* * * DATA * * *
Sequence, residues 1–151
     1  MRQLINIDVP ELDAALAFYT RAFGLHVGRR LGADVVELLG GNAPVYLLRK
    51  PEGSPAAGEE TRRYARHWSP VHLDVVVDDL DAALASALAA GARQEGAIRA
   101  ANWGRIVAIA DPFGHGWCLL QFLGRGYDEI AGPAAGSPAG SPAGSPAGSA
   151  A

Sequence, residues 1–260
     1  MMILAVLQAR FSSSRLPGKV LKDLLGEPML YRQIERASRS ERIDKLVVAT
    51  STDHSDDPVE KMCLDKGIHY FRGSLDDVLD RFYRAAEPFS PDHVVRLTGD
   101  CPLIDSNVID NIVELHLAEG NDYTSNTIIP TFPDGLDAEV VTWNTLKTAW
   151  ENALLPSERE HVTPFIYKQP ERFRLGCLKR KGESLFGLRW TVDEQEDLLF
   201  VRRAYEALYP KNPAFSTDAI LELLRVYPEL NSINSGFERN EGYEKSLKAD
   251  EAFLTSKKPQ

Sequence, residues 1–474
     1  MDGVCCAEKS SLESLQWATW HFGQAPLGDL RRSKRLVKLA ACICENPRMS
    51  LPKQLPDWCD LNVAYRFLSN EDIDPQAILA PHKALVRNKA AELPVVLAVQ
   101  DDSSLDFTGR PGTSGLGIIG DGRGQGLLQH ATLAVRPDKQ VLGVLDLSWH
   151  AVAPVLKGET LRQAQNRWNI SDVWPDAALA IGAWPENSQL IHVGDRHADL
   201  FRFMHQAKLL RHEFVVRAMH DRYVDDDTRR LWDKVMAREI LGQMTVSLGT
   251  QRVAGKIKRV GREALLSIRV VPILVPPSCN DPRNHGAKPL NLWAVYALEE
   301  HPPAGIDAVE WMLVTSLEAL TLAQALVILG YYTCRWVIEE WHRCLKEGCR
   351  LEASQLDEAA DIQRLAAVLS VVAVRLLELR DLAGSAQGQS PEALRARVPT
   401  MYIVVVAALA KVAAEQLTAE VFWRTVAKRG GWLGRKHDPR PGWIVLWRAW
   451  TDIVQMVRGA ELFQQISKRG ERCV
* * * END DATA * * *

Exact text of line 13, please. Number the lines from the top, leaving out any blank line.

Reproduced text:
Sequence, residues 1–474